Tuesday, February 23, 2016

Scientists Are More Confident Than Ever in Troubling Sea Level Rise Projections

Walking in flooded street (Credit: AP Photo/Stephen B. Morton) Click to Enlarge.
For years, however, there has been a discrepancy between two different ways of doing sea level rise projections.  Research using the so-called semi-empirical model exploiting statistical relationships between sea level and climate forces didn’t match those using the process-based models that employ complex physics of separate elements.  This meant that the scientific community — along with the IPCC — has been wary on the level of certainty reached in some of the projections.

That’s not to say the scientific community was unsure sea level rise is happening, and that greenhouse gases are behind it.  It means that the certainty surrounding sea level rise projections needed to improve, according to the IPCC.  Now, however, two separate studies developed by the Potsdam Institute for Climate Impact Research in Germany, and Rutgers University in the United States, say modeling techniques are agreeing like never before in their conclusions.

Most importantly, while the Potsdam study found that sea level rise will likely be as much as 50 inches by the end of the century unless greenhouse gas emissions are rapidly reduced, the Rutgers study found that global sea levels rose faster in the last century than in the last 3,000 years.  Both studies were published Monday in the Proceedings of the National Academy of Sciences.

Researchers reached by ThinkProgress said that together, these studies are important tools for policymakers and stress the high stakes of inaction.  They also show how much models have evolved and that certainty behind sea level rise projections is equally growing.  “One important thing that this paper shows us is a maturation of the modeling techniques being used,” said Andrea Dutton, assistant professor of geology at the University of Florida, while referring to the Rutgers study.  In an email to ThinkProgress, Dutton also noted the study gives robust confidence on future sea level projections.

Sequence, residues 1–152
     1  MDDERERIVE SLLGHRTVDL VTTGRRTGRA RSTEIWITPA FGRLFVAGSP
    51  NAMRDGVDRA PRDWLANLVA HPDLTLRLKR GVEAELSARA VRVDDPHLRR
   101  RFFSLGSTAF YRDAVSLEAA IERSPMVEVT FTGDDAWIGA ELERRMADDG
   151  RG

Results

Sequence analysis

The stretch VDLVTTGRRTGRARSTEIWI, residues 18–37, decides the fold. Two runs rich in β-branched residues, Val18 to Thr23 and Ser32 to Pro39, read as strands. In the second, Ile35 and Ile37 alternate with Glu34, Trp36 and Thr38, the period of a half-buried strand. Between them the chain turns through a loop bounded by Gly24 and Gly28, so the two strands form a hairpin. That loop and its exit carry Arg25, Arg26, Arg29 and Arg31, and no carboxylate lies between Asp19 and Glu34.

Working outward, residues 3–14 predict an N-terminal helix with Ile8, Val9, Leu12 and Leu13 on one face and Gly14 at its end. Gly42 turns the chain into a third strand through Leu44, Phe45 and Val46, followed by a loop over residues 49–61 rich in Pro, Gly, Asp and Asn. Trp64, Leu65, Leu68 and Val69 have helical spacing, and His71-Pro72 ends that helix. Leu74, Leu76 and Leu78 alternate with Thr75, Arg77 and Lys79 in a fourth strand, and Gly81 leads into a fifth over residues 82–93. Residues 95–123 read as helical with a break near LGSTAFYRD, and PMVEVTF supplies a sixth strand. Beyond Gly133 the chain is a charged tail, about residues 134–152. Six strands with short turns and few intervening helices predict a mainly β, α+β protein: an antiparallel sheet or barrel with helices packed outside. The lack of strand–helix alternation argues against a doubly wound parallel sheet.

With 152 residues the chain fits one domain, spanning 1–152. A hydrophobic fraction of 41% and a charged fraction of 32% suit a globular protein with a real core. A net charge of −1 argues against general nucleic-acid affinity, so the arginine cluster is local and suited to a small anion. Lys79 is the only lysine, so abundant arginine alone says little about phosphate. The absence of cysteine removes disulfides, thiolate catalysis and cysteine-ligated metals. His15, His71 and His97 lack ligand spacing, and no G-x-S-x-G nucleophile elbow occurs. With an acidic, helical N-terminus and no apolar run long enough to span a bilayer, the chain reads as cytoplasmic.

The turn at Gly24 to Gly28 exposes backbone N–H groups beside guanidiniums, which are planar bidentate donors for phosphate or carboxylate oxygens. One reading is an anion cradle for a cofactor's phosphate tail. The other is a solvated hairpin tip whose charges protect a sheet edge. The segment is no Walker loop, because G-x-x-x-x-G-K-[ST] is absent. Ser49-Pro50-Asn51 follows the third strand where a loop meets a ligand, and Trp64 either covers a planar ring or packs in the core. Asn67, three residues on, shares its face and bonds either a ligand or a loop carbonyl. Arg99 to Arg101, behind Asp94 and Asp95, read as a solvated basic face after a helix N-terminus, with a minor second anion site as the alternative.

Anders Levermann, a co-chair for adaptation at the Potsdam Institute for Climate Impact Research, said the study he coauthored finds with a 90 percentile confidence level that future sea level rise will be between 20 to about 50 inches.  This high level of confidence come as scientists have made significant progress in modeling how mountain glaciers and ice sheet loss affect the environment, he said.
The Rutgers study, meanwhile, puts the role of humans in sea level rise within an unprecedented historical context, researchers said.  “Scientists are never 100 percent sure but we are very sure about this,” said Benjamin Horton, a researcher of marine sciences at Rutgers University.  “We are in the statistical significance of 95 percent that the rates we are experiencing now are faster than anything in the prior 27 centuries.”

Read more at Scientists Are More Confident Than Ever in Troubling Sea Level Rise Projections

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